Sentences for anarchists
On 27 May a court sentenced 5 youth activists from the anarchist movement to prison terms ranging from 2 to 8 years. In particular, the defendants were accused of buring the building of the Russian Embassy in Minsk in 2010, as well as staging a series of demonstrations in the capital city in 2009.
Actions of the authorities follow their own logic. Sentences for the Belarusian Anarchists were tougher than those handed down to the post-elections protestors because they were not part of the formal opposition.
Thereby the rest of the informal Belarusian youth structures, who theoretically could become politically active (for instance, the “White Legion”, the “White Will” or a community of football fans) received an unambiguous signal on the ban on such activities. The mass detention of participants in the annual cycling event in Minsk, “Critical Mass”, which is usually held with the support of the Road Police of the City Executive Committee, also confirms this trend.
However, one should not assume that the authorities designed a plan of suppression of civil and political activity in the country. It is more likely that the authorities react quasi-instinctively to the actions of citizens, and that harsh actions by the law enforcement and judicial system imply weakness rather than strength of the state.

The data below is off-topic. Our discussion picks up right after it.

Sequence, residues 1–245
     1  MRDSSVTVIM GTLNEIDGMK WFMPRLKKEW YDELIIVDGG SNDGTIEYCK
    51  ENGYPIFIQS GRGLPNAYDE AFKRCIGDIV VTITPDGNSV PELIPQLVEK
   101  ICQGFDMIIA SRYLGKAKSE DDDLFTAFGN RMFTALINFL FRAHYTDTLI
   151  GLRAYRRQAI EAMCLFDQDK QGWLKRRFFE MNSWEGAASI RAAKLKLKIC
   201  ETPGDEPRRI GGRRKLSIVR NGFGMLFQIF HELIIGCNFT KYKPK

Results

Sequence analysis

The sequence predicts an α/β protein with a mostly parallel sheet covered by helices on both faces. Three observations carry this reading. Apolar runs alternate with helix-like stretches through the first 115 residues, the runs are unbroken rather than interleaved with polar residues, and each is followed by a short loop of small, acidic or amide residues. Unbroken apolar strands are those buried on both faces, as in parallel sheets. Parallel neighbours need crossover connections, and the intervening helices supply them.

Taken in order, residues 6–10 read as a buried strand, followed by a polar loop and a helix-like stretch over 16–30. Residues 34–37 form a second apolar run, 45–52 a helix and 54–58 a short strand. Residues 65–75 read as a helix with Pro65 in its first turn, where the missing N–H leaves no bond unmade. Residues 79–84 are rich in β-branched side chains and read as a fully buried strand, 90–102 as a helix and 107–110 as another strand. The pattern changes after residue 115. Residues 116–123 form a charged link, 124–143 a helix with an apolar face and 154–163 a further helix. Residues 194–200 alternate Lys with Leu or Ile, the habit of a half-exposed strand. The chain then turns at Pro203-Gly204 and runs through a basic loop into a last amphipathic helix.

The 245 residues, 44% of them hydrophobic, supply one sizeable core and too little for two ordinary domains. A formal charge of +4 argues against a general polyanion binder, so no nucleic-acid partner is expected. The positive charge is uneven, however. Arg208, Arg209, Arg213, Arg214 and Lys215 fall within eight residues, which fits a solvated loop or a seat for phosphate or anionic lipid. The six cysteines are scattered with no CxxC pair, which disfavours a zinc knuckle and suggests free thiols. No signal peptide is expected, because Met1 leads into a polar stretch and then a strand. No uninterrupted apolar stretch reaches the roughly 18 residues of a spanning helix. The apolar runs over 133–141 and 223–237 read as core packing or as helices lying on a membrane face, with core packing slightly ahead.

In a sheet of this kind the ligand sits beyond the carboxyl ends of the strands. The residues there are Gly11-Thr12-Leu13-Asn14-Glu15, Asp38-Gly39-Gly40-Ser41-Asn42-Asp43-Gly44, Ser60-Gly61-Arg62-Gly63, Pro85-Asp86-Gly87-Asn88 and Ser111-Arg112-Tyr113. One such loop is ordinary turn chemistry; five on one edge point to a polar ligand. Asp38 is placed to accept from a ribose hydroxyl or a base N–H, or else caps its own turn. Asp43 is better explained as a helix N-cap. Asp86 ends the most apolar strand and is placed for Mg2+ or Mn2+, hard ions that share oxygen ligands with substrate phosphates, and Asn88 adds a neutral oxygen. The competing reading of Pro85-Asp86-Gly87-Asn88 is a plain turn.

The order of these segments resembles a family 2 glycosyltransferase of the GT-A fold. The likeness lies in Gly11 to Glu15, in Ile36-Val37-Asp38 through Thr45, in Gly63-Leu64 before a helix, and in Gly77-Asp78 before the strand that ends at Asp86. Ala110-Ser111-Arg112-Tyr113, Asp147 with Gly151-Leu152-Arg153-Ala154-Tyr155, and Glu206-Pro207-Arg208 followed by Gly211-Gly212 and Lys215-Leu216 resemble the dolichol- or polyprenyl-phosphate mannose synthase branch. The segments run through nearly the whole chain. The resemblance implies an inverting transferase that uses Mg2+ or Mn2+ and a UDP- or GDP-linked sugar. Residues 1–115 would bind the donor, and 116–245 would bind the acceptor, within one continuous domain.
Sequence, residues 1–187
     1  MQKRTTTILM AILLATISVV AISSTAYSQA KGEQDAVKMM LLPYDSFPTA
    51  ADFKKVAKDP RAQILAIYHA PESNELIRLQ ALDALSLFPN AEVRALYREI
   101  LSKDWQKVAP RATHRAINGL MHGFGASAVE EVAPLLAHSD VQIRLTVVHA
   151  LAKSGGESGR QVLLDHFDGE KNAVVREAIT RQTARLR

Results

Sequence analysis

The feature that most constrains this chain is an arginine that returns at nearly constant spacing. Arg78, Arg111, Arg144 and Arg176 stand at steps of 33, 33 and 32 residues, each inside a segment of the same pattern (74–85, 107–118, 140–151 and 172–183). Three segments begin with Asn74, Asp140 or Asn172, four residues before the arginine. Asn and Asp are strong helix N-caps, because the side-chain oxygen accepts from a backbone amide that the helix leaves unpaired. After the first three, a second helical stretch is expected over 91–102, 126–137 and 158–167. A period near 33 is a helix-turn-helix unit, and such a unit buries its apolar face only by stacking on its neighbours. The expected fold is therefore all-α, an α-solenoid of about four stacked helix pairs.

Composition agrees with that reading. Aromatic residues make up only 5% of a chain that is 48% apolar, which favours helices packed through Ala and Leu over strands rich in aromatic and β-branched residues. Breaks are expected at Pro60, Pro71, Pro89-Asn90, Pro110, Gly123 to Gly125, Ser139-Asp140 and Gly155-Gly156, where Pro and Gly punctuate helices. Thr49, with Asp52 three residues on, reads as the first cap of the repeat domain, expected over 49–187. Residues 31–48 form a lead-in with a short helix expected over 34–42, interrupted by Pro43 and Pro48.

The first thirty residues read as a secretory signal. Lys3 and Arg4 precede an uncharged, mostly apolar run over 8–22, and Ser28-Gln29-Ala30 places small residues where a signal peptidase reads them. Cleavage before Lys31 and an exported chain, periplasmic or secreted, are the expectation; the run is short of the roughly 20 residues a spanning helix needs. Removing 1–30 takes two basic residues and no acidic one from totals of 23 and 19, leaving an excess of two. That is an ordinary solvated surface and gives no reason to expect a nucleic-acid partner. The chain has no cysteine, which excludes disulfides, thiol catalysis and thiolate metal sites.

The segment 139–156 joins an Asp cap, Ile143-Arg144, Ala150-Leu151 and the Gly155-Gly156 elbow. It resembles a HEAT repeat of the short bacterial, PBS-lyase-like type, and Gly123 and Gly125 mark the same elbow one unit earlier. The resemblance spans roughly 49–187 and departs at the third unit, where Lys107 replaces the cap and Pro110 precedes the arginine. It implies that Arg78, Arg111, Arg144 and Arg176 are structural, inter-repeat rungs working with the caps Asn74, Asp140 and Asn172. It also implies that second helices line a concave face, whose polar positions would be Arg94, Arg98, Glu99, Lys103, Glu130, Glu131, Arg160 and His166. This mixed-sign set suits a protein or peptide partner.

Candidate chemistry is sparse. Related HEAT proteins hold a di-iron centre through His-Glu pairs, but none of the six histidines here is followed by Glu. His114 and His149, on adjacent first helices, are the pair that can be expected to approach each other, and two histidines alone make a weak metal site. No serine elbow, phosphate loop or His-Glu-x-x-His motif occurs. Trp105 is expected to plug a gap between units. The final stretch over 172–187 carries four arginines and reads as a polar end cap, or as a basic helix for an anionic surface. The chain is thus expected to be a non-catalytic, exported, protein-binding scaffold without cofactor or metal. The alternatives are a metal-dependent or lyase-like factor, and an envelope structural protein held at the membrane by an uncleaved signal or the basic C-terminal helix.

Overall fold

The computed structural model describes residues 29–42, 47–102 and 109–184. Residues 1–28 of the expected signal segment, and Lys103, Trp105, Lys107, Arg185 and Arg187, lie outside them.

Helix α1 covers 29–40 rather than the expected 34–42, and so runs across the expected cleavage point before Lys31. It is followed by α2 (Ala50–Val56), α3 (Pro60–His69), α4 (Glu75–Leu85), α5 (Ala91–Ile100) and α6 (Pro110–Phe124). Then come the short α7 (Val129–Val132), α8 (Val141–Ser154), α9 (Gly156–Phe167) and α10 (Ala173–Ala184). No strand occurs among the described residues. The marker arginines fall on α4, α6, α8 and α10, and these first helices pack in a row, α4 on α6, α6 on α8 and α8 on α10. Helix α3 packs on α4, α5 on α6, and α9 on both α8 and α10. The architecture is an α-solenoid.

The Belarusian authorities regard the Catholic conference as yet another international event to promote Minsk as a global negotiating platform. Minsk’s proposal to organise a meeting between the Roman-Catholic Church and the Russian Orthodox Church is rather an image-making undertaking than a serious intention. However, the authorities could somewhat extend the opportunities for the Roman-Catholic Church in Belarus due to developing contacts with the Catholic world.
Minsk is attempting to lay out a mosaic from various international religious, political and sportive events to shape a positive image of Belarus for promoting the Helsinki 2.0 idea.
Belarus’ invitation to the head of the Holy See for a meeting with the Patriarch of the Russian Orthodox Church should be regarded as a continuation of her foreign policy efforts in shaping Minsk’s peacekeeping image and enhancing Belarus’ international weight. The Belarusian authorities are aware that their initiative is unlikely to find supporters among the leadership of the Russian Orthodox Church in Moscow. In Russia, isolationist sentiments prevail.
In addition, for domestic audiences, the authorities make up for the lack of tangible economic growth with demonstrations of growth in Minsk’s authority at international level through providing a platform for religious, sportive and other dialogues.